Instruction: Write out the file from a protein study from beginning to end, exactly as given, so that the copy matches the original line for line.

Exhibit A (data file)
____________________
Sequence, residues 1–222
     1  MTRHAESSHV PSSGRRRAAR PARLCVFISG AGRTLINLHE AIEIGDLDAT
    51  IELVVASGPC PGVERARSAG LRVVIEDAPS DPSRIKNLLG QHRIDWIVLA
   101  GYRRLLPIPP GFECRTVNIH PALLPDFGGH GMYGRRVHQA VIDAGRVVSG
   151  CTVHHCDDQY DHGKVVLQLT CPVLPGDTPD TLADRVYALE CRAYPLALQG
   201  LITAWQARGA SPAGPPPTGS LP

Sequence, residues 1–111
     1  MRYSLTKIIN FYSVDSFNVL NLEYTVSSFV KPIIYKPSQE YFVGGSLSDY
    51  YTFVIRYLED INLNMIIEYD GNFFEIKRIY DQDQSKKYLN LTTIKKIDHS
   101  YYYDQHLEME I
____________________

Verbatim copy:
Sequence, residues 1–222
     1  MTRHAESSHV PSSGRRRAAR PARLCVFISG AGRTLINLHE AIEIGDLDAT
    51  IELVVASGPC PGVERARSAG LRVVIEDAPS DPSRIKNLLG QHRIDWIVLA
   101  GYRRLLPIPP GFECRTVNIH PALLPDFGGH GMYGRRVHQA VIDAGRVVSG
   151  CTVHHCDDQY DHGKVVLQLT CPVLPGDTPD TLADRVYALE CRAYPLALQG
   201  LITAWQARGA SPAGPPPTGS LP

Sequence, residues 1–111
     1  MRYSLTKIIN FYSVDSFNVL NLEYTVSSFV KPIIYKPSQE YFVGGSLSDY
    51  YTFVIRYLED INLNMIIEYD GNFFEIKRIY DQDQSKKYLN LTTIKKIDHS
   101  YYYDQHLEME I